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The Central and East European Coalition (CEEC) met on November 17, 2009 with Congressmen Dennis Kucinich (R-Ohio) and Thomas Price (D-GA), co-chairs of the newly formed House Russia Caucus, to discuss the goals and mission of the Russia Caucus, and to provide suggestions for a possible agenda.  While caucuses on many of the Central and East European countries already exist, this is the first caucus with a focus solely on Russia.
The body is meant to improve communication between Congress and Russia's lower house of parliament.  Recognizing the value of the CEEC members’ experience and knowledge of the region, Congressmen Kucinich and Price agreed to meet with the CEEC to discuss possible topics for the caucus agenda.  The CEEC is an assembly of 18 ethnic organizations representing 22 million Americans of Central and East European descent.
CEEC representatives discussed the following topics with the co-chairmen, in anticipation of the first meeting of the Russia Caucus, to be scheduled in a few weeks :

1. Economic coercion
Russia has used trade embargos, increased tariffs, slow-downs at entry points and other such means to affect the economic well-being of its neighbors.

2. Energy
An important Russian tool for leverage and coercion is the energy which it supplies to Europe.  In addition to attempting to establish a monopoly on delivery systems, Russia’s use of a divide-and-conquer gambit with Western European countries helps it achieve leverage through the supply of energy.

3. Spheres of influence
Russia’s claim to spheres of influence in the now-independent countries formerly under Soviet control is well-known and, although publicly repudiated in the West, still an issue of on-going concern.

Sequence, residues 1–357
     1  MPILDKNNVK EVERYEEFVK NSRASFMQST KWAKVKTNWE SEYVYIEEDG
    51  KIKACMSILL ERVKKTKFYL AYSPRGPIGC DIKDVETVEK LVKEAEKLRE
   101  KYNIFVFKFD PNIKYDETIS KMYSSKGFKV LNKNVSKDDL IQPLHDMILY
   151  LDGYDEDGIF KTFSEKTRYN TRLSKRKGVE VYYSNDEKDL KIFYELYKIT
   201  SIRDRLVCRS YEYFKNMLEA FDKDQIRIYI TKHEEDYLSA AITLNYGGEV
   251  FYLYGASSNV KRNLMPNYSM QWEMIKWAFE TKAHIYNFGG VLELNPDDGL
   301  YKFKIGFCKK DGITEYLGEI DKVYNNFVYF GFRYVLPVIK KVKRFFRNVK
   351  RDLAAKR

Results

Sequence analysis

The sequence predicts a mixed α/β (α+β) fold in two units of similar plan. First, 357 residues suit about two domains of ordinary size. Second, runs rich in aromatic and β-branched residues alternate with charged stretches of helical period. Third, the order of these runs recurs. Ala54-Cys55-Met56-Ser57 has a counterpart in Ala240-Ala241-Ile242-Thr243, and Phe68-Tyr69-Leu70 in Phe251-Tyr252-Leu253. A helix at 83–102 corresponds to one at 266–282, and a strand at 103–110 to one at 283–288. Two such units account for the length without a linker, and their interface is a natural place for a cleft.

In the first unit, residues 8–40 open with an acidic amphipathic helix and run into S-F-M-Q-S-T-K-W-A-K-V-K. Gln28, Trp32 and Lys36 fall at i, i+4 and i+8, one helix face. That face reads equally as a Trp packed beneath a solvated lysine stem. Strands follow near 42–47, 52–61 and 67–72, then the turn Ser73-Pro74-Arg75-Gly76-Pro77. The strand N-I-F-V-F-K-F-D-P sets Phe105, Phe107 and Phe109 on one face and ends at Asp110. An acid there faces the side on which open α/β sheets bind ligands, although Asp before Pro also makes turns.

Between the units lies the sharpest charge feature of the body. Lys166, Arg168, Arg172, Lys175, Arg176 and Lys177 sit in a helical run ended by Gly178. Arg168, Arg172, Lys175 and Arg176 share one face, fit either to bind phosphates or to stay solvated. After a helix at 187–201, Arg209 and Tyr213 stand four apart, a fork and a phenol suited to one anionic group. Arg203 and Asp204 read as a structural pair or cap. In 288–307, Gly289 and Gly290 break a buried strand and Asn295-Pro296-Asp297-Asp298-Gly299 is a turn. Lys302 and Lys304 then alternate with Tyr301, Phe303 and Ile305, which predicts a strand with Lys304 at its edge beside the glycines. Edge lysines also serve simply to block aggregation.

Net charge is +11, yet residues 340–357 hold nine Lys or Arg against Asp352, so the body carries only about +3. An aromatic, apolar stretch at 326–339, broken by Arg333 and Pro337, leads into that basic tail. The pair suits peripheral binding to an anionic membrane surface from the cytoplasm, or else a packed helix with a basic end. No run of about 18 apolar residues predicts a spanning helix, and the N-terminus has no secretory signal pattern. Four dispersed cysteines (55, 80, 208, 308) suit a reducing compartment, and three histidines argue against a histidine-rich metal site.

4. Freedom to join organizations
The countries formerly under Soviet occupation and influence should have the right to join whatever organizations they deem desirable, including NATO, contrary to statements by the Russian government.

5.   Cyber security
Russia is strongly suspected as being behind the cyber attacks against the country of Estonia in 2007.  Since then, cyber attacks have taken place against Georgia, Ukraine, and elsewhere,  including the United States, which is under constant cyber attacks from a number of sources.

6.   Democratic principles
The Russian government’s support of democratic principles within Russia is insufficient; freedom of the press, free elections, the right to assemble, and minority rights have markedly deteriorated within Russia.

7.   Revision of history
Russia’s attempts to revise history to show past actions in a favorable light and to deny atrocities committed by the Soviet Union have multiple ramifications.

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